Friday, May 3, 2019

Gothic Princess


On March 31st,  I got to work with Jinx in Wonderland on a gothic princess shoot. The post was held back till I found out if I was published. Most magazines like exclusive work. For the shoot I used dry ice to create fog, which looked like a milk bath, but no one needed to get wet. (If you are going to use dry ice, make sure your model has no breathing issues and it is in a well-ventilated area.  We were running all the exhaust fans and had the windows open.) I also used purple tulle in several of the images to give them a pop of color but keep with the gothic theme.

For the session I used the following items:
  • Canon 70D
  • 24 -70 mm lens
  • Strobes with power supply
  • Large square soft box
  • Speed light
  • 30-inch shoot through umbrella
  • 7-foot reflective umbrella
  • C-stand with boom arm
  • Light stand
  • RF-transmitter
  • Tether line
  • Desktop
  • Foam core board (to make a corral for the fog)
  • Dark grey backdrop
  • Black backdrop for the floor
  • Purple and black tulle
  • Dry ice and hot water
  • Step stool
  • Props: crown, raven, sword
  • Handsome assistant
I had two set-ups for this session. For the first set up, I did not use the dry ice and focused on standing poses. I placed the large square soft box to the right of the model slightly pointed down onto her.  I then had a speed light with a shoot through umbrella on the left, which was used for a bit of fill light.  I shot straight on to the model. The second set up was simpler. For the second set up the large 7-foot umbrella was placed on a boom arm so it could be placed directly over the model, who was laying on top of tulle on the floor.  I then placed 12-inch high by 24-inch long foam core board round the model to create a little corral to keep the fog from the dry ice in.  I placed a metal bowl in corner of the corral with the dry, which my assistant dumped hot water over to create the fog.  When using the dry ice, we ensure there was plenty of ventilation in the studio.  I shot pointing down at the model by standing on a step stool or directly over her.

Now this was the first time I shot using dry ice, to get that milk bath look but without all the milk.  A few things I learned were, I needed to keep more than a tea kettle full of close to boiling water on hand.  The hotter the water the longer the dry ice would create fog.  I got about two – three minutes of shooting per application of hot water.  Having something for the fog to roll over adds dimension to the image. In the future I will need to use two bowls of dry ice in opposite corners to ensure equal coverage of the area.  With only one bowl I had to wait for the fog to cross the corral to fill it. I will be this technique again, because I like the overall images the process produces.

Now onto the image descriptions.  I shot 306 frames, edited 203 frames, and delivered 144 final images. I shot using ISO 100, my focal length ranged from 24mm to 70mm, shutter speed ranged from 1/320s to 1/1000s, and aperture range of f3.5 to f8.  The most common focal length was 24mm, with the most common shutter speed being 1/640s, and the most common aperture was f8.  While I did shoot several images at f3.5, I did not use  a good portion of them because the focus was just slightly off.  The reasoning is because how I shoot,  I shoot wide so I can crop to 8.5x11 inches (publication size requirement) and still maintain the image I want. Shooting wide with a very narrow aperture is not necessarily the best combination. Overall, I’m happy with the images turned out.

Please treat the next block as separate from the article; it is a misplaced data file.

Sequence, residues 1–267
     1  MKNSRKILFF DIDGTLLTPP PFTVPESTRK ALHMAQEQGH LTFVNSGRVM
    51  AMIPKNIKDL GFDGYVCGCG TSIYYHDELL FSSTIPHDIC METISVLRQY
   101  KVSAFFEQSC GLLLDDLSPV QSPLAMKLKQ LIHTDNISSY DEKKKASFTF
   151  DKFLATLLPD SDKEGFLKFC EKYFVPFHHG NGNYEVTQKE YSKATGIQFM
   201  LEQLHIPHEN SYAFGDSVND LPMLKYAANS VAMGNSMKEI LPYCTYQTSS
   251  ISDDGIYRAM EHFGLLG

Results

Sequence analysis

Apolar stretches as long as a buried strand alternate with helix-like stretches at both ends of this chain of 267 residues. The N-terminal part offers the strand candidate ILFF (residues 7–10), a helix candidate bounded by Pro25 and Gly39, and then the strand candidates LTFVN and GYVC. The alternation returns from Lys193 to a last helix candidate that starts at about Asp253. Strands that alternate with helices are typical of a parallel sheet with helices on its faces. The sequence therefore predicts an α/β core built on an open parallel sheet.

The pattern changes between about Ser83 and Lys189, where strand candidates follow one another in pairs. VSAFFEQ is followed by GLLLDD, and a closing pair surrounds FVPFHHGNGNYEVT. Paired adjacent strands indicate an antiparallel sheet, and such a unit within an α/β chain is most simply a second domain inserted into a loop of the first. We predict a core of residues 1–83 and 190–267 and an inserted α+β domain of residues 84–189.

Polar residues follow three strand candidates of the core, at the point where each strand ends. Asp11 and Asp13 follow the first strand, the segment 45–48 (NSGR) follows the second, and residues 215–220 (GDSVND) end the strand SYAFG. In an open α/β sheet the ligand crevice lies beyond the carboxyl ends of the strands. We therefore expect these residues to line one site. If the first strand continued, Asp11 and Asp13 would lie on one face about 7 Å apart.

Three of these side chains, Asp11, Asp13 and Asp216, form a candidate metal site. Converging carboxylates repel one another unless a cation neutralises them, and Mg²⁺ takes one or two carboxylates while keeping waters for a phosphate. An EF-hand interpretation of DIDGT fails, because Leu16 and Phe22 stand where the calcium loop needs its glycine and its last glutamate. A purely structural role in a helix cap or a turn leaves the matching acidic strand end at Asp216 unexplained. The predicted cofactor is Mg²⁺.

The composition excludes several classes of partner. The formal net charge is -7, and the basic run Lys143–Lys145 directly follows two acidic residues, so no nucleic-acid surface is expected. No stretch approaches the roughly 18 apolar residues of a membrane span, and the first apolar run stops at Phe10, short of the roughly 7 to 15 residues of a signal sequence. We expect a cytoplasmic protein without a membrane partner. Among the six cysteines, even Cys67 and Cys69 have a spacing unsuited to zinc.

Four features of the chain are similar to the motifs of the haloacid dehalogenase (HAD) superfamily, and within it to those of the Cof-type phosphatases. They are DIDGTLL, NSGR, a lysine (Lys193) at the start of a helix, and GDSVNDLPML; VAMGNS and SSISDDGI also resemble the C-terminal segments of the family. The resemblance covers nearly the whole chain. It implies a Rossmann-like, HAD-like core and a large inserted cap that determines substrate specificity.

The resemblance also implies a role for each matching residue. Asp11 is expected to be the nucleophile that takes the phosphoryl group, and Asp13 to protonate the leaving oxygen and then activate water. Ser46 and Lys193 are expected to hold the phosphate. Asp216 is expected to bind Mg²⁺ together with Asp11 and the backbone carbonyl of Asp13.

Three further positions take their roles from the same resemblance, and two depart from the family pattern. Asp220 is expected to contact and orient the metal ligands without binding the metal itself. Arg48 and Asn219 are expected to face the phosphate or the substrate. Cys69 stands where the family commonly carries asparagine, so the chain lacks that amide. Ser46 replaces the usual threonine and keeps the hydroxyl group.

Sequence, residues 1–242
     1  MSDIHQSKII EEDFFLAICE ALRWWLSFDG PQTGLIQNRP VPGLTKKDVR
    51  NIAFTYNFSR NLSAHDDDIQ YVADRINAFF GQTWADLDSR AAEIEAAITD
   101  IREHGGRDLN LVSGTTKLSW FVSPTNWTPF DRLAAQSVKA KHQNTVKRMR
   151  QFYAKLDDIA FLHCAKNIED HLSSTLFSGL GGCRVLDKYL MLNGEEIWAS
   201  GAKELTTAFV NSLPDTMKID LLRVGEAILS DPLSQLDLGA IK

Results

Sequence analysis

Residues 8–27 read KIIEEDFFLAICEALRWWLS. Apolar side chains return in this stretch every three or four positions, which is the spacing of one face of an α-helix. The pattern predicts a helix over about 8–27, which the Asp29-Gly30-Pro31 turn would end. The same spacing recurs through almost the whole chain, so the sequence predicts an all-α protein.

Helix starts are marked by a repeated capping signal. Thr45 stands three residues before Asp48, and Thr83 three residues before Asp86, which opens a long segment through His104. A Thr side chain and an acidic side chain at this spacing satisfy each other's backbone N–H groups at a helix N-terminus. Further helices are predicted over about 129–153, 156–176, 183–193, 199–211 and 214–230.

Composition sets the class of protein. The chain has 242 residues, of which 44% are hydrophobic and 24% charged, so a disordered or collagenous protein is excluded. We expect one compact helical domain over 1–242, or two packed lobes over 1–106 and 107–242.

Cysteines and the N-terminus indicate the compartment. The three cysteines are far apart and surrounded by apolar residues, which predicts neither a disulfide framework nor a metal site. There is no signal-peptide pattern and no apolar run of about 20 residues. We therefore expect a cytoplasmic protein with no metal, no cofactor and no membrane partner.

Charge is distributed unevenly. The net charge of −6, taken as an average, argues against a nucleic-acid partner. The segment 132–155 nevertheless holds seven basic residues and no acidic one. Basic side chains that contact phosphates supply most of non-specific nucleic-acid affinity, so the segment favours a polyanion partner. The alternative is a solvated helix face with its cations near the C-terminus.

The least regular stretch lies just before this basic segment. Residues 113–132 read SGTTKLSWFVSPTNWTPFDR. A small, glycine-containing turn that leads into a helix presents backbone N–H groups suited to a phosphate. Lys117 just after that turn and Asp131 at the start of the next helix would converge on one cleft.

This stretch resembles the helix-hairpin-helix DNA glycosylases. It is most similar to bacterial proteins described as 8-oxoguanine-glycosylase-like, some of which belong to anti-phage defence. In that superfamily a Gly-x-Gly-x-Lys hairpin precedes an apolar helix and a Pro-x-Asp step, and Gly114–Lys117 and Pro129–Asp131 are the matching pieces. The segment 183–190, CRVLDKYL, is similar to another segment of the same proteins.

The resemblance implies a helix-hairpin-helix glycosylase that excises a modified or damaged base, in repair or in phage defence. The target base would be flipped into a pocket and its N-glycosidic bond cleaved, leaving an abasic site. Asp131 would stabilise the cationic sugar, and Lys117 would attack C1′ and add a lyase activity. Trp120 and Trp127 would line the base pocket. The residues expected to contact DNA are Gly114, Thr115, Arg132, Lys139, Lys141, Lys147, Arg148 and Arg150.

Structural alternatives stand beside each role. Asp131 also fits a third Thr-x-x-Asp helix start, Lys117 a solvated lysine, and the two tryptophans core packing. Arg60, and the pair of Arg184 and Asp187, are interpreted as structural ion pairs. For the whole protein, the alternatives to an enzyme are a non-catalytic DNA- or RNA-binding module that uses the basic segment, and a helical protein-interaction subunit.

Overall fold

I have several favorite images from this session. My two personal favorites are below.  I like the first one because of the expression and how the fog rolls around her. I like the second because it is portraying a soft feeling, the skin glows nicely, and the purple tulle pulls image together to make it seem like she is on a soft bed. I did edit the second image slightly beyond removing some little blemishes. I did fill in a few spots with tulle by using the patch tool in Photoshop and when editing the image in Lightroom I used the portrait color module, bumped up the purple slightly, and added a bit of vignetting to the edges.






















This next image to the left,  is a personal favorite because it is different. I like how the image is soft and the purple tulle is wrapped around her, but what I really like is how the tulle is falling over her. When editing this image, I used portrait color mode in Lightroom. I then bumped up the purple slightly, and adjusted the exposure slightly.  I originally tried for 8.5x11 crop, however that did not do the image justice, it had to have length, so the image size is 9x18. I find a lot of the time the 8.5x11 or 17x11 crop sizes to limit my images.

This final image (right) is a simple image, using the first light set up. It simply captures the gothic princess look. This type of shot is part of my style, since I do like to shoot lower key images. I also like in this image how the models face has a nice porcelain look, and how the light falls off in the image.  I did very little to the image during post processing, just enough to ensure the colors were correct and the blacks did not get lost in the background.


Seven of the images were printed in the Issue 47 Volume 2 (May 2019) of Gilded Magazine

You can see all the images from the session here.

I also want to give a special thank you to Jinx in Wonderland for allowing me to experiment slightly and do a slightly longer shoot then planned.  

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